according to hugh heward’s journal of his trip down the huron river in the spring of 1790, godfroy’s trading post was already here. then known as sans craints, likely named after its founder and builder jean baptiste sancrainte.

    gabriel godfroy was even already here. godfroy was a trader and well known business man, but more importantly was an inturpitor with the native americans as was sanscrainte as well. his father jacques godfroy was getting land deeded to him as early as 1776 from native american tribal nations, proving that the native americans would deed land.

    as early as 1784 sanscrainte was selling land to gabriel godfroy, as they both lived in the monroe – detroit area.

    in the 1780’s and 90’s the ypsilanti trading post then known as sans craints was a few cabins dealing in corn, likely whiskey and furs and sending them to detroit. with a unknown number of native american population that seemed to work at the post as well.

    what seems likely to be the case is that sanscainte was deeded the land from one of the tribal nations then built the post between the late 1760’s to 1780’s and then sold it to gabriel godfroy in the 1780’s, who then after 20+ years of proof that he had been on and working the land went to the U.S. government and was given the french claims in 1809.

    if this is what happened it would make ypsilanti an 18th century settlement.

  9. Ed Beaty
    Posted September 14, 2010 at 11:27 am | Permalink

    And this has what to do with the Calvin Johnson’s touchdown, Mr. Mayor?

  10. dragon
    Posted September 14, 2010 at 11:49 am | Permalink

    Be careful jeff, the google might start treating you differently.

  11. Kim
    Posted September 14, 2010 at 1:32 pm | Permalink

    I’m dying for the rest of the story. What happened between 1809 and when the Lions got fucked over on Sunday?

  12. Andy C
    Posted September 14, 2010 at 3:20 pm | Permalink

    Um, football has instant relay. Refs sit in a back room watching from ever angle in slow motion to make that call. Football players and fans are such whinny little shits about stuff like this.

    You should try baseball. What ever the umps say goes, right or wrong. It’s just a part of the game. Armando Galarraga’s loosing his perfect game was NOT over turned and the ump who made the bad call was devastated by it. Yes, the league commissioner could over turn a call but they never do. Do it one time and you got to go back and review them all.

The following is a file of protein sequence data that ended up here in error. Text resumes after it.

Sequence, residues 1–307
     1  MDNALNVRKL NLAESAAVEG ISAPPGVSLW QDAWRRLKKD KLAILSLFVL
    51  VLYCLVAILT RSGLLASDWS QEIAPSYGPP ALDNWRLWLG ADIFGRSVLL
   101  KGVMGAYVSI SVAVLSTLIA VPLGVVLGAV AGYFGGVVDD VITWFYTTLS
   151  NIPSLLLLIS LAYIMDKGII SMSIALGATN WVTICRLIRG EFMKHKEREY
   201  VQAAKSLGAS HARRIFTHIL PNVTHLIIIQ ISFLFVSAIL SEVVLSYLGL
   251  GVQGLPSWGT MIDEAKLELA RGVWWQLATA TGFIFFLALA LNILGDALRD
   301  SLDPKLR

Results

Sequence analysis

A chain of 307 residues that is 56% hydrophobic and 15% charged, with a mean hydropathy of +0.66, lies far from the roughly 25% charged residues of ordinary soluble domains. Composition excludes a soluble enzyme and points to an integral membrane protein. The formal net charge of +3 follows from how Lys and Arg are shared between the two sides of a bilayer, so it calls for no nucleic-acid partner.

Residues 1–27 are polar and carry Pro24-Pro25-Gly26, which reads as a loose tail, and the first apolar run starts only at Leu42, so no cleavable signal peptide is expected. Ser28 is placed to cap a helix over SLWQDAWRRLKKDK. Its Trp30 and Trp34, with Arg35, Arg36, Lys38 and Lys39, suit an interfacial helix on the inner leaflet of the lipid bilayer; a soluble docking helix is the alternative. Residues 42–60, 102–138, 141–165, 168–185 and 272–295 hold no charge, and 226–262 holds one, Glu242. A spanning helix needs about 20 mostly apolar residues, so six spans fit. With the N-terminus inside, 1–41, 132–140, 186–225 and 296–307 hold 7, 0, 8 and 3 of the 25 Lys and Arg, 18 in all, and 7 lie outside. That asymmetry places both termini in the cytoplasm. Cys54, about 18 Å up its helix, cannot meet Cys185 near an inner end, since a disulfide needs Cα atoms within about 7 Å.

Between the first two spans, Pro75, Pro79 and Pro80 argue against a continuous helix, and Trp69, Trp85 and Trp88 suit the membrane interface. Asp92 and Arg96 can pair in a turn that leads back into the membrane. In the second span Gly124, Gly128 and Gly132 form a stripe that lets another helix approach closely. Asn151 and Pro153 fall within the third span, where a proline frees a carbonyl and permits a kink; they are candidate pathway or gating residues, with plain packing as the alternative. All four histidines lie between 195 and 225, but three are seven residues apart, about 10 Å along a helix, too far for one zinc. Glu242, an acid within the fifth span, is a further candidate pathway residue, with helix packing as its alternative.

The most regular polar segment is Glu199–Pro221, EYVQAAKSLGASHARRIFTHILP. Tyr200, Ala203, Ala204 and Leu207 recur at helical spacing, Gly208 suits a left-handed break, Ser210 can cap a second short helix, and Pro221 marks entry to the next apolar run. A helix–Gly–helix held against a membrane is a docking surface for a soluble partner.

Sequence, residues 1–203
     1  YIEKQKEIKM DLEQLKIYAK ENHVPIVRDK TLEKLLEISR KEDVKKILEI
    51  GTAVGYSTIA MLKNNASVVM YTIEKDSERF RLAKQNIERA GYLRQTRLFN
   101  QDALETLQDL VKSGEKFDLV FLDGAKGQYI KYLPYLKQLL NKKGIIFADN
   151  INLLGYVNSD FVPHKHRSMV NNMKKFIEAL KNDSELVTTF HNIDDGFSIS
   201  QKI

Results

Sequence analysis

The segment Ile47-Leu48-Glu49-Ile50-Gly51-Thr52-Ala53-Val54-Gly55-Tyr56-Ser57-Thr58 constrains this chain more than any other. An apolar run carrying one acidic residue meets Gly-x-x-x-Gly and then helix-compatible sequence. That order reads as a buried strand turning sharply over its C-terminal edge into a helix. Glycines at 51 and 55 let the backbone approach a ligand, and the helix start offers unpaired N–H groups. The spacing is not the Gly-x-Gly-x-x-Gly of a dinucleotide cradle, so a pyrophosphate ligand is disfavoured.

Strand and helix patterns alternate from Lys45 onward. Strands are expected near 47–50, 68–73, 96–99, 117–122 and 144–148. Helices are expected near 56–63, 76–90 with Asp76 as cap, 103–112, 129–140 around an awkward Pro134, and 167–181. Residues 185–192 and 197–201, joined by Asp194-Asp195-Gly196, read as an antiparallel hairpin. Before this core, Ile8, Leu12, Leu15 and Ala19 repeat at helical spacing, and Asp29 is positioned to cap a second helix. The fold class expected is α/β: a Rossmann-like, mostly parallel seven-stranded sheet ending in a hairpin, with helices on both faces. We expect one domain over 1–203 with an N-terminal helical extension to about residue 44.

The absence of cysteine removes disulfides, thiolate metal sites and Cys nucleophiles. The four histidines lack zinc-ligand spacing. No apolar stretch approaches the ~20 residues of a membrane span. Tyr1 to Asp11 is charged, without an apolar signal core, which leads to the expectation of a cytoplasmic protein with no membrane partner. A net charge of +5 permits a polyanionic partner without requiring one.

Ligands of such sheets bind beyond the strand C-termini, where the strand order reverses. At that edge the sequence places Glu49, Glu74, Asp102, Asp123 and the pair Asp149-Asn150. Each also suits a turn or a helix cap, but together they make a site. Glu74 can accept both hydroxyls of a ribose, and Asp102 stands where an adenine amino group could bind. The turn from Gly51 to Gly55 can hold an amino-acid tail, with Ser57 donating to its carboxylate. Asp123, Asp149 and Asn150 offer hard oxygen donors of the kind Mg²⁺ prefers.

http://www.youtube.com/watch?v=Q_4MwFtt4tQ&feature=channel

  13. Dirtgrain
    Posted September 14, 2010 at 6:19 pm | Permalink

    It does seem like a weird rule, as it applies to that scenario. Still, Calvin Johnson is tens of millions of dollars, and he doesn’t bother to learn the rules that relate specifically to his position? I hope he’s learning now.

  14. Randall
    Posted September 14, 2010 at 8:51 pm | Permalink

    Replay has crept into baseball and it just happened in the Tigers’ game tonight. It’s limited to home runs and fan interference I think, but it’s there.

  15. Andy C
    Posted September 14, 2010 at 10:21 pm | Permalink

    You’re right Randall. It’s anywhere an ump isn’t, like in the out field. Sometimes it’s too far away for them to see.

  16. Posted September 15, 2010 at 8:02 am | Permalink

    I agree with Dirtgrain. A veteran player getting paid that much should know the rules.

  17. Andy C
    Posted September 15, 2010 at 8:25 am | Permalink

    So much for instant replays in baseball, after the ump reviewed the tapes, they still stuck with the bad call. Very stubborn. Also pitches dead over the plate called a ball. It happens.

    http://www.blessyouboys.com/2010/9/15/1689734/with-help-from-the-umpires-rangers

  18. Kurt
    Posted September 15, 2010 at 5:44 pm | Permalink

    It’s a bad rule but my question is this: why didn’t Calvin Johnson know this rule? Pro and major college sports are big business first, games second. Any receivers coach who doesn’t make his players aware of every pass-catching-related rule that might come into play–no matter how stupid or obscure–has committed coaching malpractice.

    What’s more, this is exactly the kind of thing coaches go over during the pre-season. This is especially true for any rule that was reviewed by the NFL’s Competition Committee during the off-season. It’s my understanding that this stupid and obscure rule was reviewed last spring and, for some reason, left as-is. So, I would bet that this rule was discussed in Mr. Johnson’s presence at some point during the last several weeks. If the Lions’ receivers coach isn’t fired after the season, I’ll take that as proof I’m right.

    Not that I’m letting Mr. Johnson off the hook, of course. Any player who ignores the rules that affect his position is stupid and risks looking stupid and pissing off his teammates. Fortunately for Mr. Johnson, the Lions are so bad that no one will be ruing this loss by the time we December rolls around and he’s such a ridiculously gifted player that he’ll continue to be paid for playing football for as long as he remains healthy.

  19. Robert
    Posted September 20, 2010 at 6:51 pm | Permalink

    If anybody is interested in pulling their head out of their ass, they might want to read Brian Tuohy’s ‘The Fix Is In’.

    http://online.wsj.com/article/SB10001424052748704025304575285052624752536.html

  20. Lions Fan
    Posted October 11, 2011 at 2:14 pm | Permalink

    And we emerge from that universal shit victorious!